It’s a “problem” that too many babies are being born to parents from Africa, a leading Israeli medical official has told lawmakers at the Israeli parliament.
“In Tel Aviv, today, there live approximately 80 thousand infiltrators from Africa, who constitute about 15 percent of the city’s population. In the last year about 700 babies were born to Eritrean and Sudanese mothers, and we currently have an average of about two births a day,” thus reported today Professor Gaby Barabash, director of the Ichilov Medical Center, in a hearing the Knesset held by the lobby for returning the infiltrators.
“The problem is that they closed down the fence, but they did not close down the natural growth, and the number of Eritreans born here rises from year to year,” said Barabash.
Barabash’s use of the term “infiltrators” as a general term for Africans marks his comments as part of the long-standing campaign of racist incitement by Israeli leaders and officials that has resulted in horrifying demonstrations and pogroms targeting Africans in Israel, many of whom arrive as refugees.
Barabash’s comments are also in keeping with the general outlook in Israel where it is socially acceptable to define the births of non-Jewish babies as undesirable or as a “demographic threat” to the so-called “Jewish and democratic state.”
Even more disturbing, Barabash played on common racist tropes of Africans and people of color as bearers of diseases, recognizable from racist discourses in other places and times, including traditional European anti-Semitic rhetoric:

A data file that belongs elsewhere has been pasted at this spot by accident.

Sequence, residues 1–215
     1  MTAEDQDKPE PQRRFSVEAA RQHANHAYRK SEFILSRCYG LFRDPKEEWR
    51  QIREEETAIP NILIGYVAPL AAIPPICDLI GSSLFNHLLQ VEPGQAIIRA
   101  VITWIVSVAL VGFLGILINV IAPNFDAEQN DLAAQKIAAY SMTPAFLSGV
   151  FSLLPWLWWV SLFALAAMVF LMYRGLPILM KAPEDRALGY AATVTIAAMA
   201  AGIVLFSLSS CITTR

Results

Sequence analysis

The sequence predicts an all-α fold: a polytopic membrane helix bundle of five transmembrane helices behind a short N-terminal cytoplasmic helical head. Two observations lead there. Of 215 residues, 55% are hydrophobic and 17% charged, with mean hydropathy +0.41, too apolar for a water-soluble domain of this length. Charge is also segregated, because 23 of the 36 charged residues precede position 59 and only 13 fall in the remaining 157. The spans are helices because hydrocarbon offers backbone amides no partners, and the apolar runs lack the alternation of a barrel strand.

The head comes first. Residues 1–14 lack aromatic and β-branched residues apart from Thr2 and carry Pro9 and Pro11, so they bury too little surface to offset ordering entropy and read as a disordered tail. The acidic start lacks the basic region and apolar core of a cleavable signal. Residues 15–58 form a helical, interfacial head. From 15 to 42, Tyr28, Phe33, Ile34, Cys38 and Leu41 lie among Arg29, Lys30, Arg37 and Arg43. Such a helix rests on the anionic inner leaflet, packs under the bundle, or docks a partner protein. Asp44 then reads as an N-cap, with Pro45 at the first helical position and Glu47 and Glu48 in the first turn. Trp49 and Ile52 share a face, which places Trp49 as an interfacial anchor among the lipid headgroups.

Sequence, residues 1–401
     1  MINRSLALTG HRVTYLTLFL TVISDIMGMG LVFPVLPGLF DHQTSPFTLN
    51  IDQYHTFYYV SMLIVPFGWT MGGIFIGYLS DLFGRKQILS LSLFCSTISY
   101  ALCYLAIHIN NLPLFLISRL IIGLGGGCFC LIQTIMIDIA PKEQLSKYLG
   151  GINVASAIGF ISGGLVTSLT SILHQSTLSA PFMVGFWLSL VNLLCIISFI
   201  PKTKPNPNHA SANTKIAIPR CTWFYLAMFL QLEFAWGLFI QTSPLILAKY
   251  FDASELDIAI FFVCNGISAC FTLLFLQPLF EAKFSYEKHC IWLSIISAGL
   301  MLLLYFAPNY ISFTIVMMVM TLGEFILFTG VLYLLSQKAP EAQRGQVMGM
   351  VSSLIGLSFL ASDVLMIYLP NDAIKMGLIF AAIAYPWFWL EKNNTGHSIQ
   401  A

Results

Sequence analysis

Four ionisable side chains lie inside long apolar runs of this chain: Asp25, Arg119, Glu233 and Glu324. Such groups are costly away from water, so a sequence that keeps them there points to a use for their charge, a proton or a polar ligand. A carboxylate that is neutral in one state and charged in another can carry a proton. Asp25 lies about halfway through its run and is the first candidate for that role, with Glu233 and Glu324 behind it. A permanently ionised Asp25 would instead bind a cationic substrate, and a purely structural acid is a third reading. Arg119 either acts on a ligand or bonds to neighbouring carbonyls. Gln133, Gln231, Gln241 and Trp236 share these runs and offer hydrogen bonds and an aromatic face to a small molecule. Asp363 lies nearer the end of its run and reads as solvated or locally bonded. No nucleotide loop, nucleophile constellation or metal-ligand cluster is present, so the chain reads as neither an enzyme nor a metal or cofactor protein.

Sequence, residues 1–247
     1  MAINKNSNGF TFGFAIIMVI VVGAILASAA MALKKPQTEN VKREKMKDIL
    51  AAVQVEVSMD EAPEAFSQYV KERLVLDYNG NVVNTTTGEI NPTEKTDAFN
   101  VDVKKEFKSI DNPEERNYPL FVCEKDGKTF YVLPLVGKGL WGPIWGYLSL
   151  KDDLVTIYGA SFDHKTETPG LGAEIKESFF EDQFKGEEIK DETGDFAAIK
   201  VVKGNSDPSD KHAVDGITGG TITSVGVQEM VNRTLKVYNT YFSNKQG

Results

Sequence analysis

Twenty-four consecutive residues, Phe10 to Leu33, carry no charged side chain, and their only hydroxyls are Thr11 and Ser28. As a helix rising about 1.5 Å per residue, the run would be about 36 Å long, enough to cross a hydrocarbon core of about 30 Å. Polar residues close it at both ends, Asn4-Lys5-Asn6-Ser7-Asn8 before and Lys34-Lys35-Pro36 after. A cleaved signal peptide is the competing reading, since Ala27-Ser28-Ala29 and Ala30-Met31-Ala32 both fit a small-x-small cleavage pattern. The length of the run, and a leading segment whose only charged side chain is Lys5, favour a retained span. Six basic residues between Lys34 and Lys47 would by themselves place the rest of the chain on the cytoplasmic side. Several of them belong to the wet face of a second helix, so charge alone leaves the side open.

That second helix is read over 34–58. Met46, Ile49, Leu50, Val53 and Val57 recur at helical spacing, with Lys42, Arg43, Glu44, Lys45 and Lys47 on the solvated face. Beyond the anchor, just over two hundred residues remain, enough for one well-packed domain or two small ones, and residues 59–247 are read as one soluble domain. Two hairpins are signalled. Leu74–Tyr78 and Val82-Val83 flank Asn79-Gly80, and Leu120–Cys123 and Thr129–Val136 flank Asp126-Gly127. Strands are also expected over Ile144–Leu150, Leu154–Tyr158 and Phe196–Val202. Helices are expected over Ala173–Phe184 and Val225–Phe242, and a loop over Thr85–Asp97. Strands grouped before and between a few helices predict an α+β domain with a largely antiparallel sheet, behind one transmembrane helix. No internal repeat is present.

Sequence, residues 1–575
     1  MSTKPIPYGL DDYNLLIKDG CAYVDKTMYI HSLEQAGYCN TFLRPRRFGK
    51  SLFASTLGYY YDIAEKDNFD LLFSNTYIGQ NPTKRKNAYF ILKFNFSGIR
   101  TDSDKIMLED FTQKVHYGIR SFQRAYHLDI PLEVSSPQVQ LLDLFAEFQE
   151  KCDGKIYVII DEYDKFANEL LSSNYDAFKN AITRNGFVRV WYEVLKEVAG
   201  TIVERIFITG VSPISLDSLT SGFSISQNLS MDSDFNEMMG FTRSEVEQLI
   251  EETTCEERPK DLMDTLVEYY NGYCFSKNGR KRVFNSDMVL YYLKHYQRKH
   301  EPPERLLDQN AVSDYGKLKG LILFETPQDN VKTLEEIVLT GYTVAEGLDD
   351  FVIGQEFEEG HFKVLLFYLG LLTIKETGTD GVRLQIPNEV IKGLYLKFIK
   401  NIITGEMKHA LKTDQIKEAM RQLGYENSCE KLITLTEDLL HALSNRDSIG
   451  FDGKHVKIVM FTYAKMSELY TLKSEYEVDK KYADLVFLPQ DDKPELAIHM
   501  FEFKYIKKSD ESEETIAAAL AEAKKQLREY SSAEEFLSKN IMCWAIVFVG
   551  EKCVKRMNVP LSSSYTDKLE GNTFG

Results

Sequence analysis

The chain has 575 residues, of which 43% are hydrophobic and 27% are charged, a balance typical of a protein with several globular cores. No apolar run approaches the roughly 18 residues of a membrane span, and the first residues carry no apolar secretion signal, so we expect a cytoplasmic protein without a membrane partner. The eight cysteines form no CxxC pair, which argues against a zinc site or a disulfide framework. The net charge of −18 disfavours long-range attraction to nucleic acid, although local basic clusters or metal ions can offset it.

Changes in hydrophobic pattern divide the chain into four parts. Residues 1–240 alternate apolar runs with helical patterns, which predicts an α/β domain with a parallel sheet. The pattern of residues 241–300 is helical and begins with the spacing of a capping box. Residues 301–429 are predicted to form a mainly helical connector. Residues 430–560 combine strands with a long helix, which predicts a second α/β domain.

Professor Barabash reported high percentages of intrauterine deaths, and also contagious viral diseases among the delivering mothers: tuberculosis, malaria, and AIDS. The African population constitutes one third of the new cases of AIDS carriers [sic] diagnosed in Israel, and half of the cases of malaria carriers.
All of this testimony was taken at a parliamentary hearing organized by members who voice vocal support for mass expulsions of Africans and for the construction of a desert prison camp to hold them.
Recently, women of Ethiopian origin have accused Israeli officials of forcing them to take long-term contraceptives, allegations that came to light following an investigation into the precipitous drop in births to Ethiopian women in Israel in recent years.
A long tradition of Israeli baby-hatred
Barabash’s shocking comments also recall those made by Dr. Yitzhak Ravid, a senior researcher at the Israeli government’s Armaments Development Authority at the Herzliya Conference in 2003, who called for Israel to “implement a stringent policy of family planning in relation to its Muslim population.”
Ravid added: “the delivery rooms in Soroka Hospital in Beersheba,” an area with a large Bedouin population, “have turned into a factory for the production of a backward population” (“Herzliya conference sees verbal attacks on Israeli Arabs,” Haaretz, 18 December 2003).
Palestine’s indigenous Bedouin population has long been the target of Israeli forced removal from their lands and other racist practices.
And as David Hirst wrote of Prime Minister Golda Meir in his classic book The Gun and the Olive Branch, “The Palestinians’ birth-rate was so much higher than the Jews’ that her sleep was often disturbed, she would say, at the thought of how many Arab babies had been born in the night.”
With thanks to Dena Shunra for translation and analysis.